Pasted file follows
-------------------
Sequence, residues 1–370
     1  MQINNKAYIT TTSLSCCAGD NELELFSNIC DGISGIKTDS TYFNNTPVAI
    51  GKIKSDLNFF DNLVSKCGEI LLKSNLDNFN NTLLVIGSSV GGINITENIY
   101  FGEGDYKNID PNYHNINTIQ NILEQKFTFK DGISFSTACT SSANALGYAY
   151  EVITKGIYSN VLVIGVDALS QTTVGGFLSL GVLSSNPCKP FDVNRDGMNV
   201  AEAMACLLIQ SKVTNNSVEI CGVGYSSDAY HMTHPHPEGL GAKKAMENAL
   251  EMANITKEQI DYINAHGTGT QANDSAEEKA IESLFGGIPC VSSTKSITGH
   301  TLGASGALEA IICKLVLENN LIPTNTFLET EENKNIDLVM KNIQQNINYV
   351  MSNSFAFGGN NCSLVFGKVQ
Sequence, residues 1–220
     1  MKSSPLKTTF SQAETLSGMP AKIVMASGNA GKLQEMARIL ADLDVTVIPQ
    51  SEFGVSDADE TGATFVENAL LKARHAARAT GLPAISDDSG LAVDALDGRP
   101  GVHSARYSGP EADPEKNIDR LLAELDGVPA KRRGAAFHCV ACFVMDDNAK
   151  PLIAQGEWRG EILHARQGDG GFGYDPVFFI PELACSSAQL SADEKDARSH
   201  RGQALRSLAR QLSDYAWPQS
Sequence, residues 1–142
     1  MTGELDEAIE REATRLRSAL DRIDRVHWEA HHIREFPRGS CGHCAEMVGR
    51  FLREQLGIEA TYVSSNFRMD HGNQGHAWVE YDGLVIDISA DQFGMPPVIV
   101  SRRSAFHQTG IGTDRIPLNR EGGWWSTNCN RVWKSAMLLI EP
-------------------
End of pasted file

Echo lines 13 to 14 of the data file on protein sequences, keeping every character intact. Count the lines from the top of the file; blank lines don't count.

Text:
   101  GVHSARYSGP EADPEKNIDR LLAELDGVPA KRRGAAFHCV ACFVMDDNAK
   151  PLIAQGEWRG EILHARQGDG GFGYDPVFFI PELACSSAQL SADEKDARSH